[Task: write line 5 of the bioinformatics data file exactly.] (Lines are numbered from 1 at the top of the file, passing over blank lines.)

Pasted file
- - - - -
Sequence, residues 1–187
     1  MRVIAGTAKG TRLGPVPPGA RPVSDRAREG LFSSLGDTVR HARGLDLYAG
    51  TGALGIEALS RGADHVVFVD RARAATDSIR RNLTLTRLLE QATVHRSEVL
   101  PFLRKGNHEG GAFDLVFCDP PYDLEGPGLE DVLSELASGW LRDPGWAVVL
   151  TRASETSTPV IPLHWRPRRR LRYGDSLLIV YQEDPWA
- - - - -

   151  TRASETSTPV IPLHWRPRRR LRYGDSLLIV YQEDPWA